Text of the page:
How To Prepare For the SAT

Jamie McEachin

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The SAT is eminent, and students around the nation are increasingly panicked, studying (or not studying) in preparation. But while some students may feel like they’ve got their SAT prep under control, all students can benefit from some tips for the best possible testing experience.


The major thing is, of course, not waiting to study right before the test. While this is a tempting option and at times seems inescapable with other classes and obligations all too prominent, it is crucial that procrastination is not a factor in SAT preparation. “I took the SAT once, studying mainly the night before,” says Ryan McCoy, a senior at Cosby. “[But] for my second time, I took an SAT prep course.”

Taking an SAT prep course, whether offered by Kaplan, Kahn Academy, or other organizations, is something that is strongly recommended when preparing for the test. These courses will give examples of questions that students will encounter on the test and will coach them in strategies to get the best score possible.

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Another way to ensure success is to not cram the night or week before; instead, students should relax the night before the test and try to get as much sleep as possible, so they wake up fresh in the morning.

Students who completed a core curriculum in high school scored an average of 143 points higher on the SAT than those who didn’t. The College Board defines a core curriculum as including at least four English, three math, three natural sciences and three social sciences/history classes. So it is important for students to complete a core curriculum to have an advantage on the SAT.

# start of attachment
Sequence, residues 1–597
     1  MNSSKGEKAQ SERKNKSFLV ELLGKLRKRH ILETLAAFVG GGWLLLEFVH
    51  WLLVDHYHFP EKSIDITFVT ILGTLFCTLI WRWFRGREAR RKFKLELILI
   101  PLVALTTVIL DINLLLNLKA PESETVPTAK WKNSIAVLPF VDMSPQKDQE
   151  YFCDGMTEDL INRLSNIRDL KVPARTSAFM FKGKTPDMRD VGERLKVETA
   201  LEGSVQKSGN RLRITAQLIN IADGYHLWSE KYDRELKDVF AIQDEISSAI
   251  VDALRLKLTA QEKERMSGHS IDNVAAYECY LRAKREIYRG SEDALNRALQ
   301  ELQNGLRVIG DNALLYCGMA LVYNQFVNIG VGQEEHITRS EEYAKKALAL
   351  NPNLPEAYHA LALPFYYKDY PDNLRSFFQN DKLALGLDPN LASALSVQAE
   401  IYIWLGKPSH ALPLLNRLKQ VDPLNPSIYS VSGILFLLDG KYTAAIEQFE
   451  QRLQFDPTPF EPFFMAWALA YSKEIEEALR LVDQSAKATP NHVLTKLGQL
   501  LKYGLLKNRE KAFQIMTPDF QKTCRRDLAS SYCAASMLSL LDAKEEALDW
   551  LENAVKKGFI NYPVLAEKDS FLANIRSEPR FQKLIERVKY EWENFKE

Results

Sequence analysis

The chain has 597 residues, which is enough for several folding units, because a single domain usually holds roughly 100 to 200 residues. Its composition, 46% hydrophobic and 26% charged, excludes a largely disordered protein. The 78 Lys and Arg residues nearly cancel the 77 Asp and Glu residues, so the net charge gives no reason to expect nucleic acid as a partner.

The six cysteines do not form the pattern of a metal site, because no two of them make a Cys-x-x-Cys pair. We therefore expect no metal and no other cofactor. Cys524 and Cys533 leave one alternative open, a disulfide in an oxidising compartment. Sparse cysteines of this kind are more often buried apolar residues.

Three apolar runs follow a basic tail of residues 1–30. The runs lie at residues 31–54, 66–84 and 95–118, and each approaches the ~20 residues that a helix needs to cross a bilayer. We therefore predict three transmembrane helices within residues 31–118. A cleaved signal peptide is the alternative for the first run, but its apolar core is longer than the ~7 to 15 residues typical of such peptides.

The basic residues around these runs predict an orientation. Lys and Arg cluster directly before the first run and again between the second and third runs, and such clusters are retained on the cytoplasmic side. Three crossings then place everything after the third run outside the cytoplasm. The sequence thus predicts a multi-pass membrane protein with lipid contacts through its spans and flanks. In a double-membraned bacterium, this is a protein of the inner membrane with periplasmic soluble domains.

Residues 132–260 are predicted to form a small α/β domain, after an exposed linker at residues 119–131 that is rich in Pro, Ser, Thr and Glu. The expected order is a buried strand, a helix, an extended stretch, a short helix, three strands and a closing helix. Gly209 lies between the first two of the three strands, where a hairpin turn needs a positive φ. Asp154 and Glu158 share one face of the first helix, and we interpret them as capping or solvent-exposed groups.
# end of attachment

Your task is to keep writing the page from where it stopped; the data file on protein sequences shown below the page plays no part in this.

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During the test, the most valuable and most common trick will not be a surprise- the process of elimination. In a multiple choice format, figuring out which questions are least likely to be true is the most efficient way to use time; it allows the student to prioritize what questions to focus on in the limited time they have.


But on the other hand, it is important to use all the time available when taking the SAT, so students must take their time on every question to ensure they won’t have to go back at the end of the test to answer missed questions.


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Remember, the best indicator of whether a student will succeed in college is their high school grade point average. The SAT is a weaker measure, and it’s only supposed to give colleges an idea of how applicants would perform in their first year of college.


When it’s the fateful day, and the SAT is sitting open on the desk, it is easy to freeze up. But the year-long preparation should help make sure that that feeling is quickly swept away by the confidence needed for success.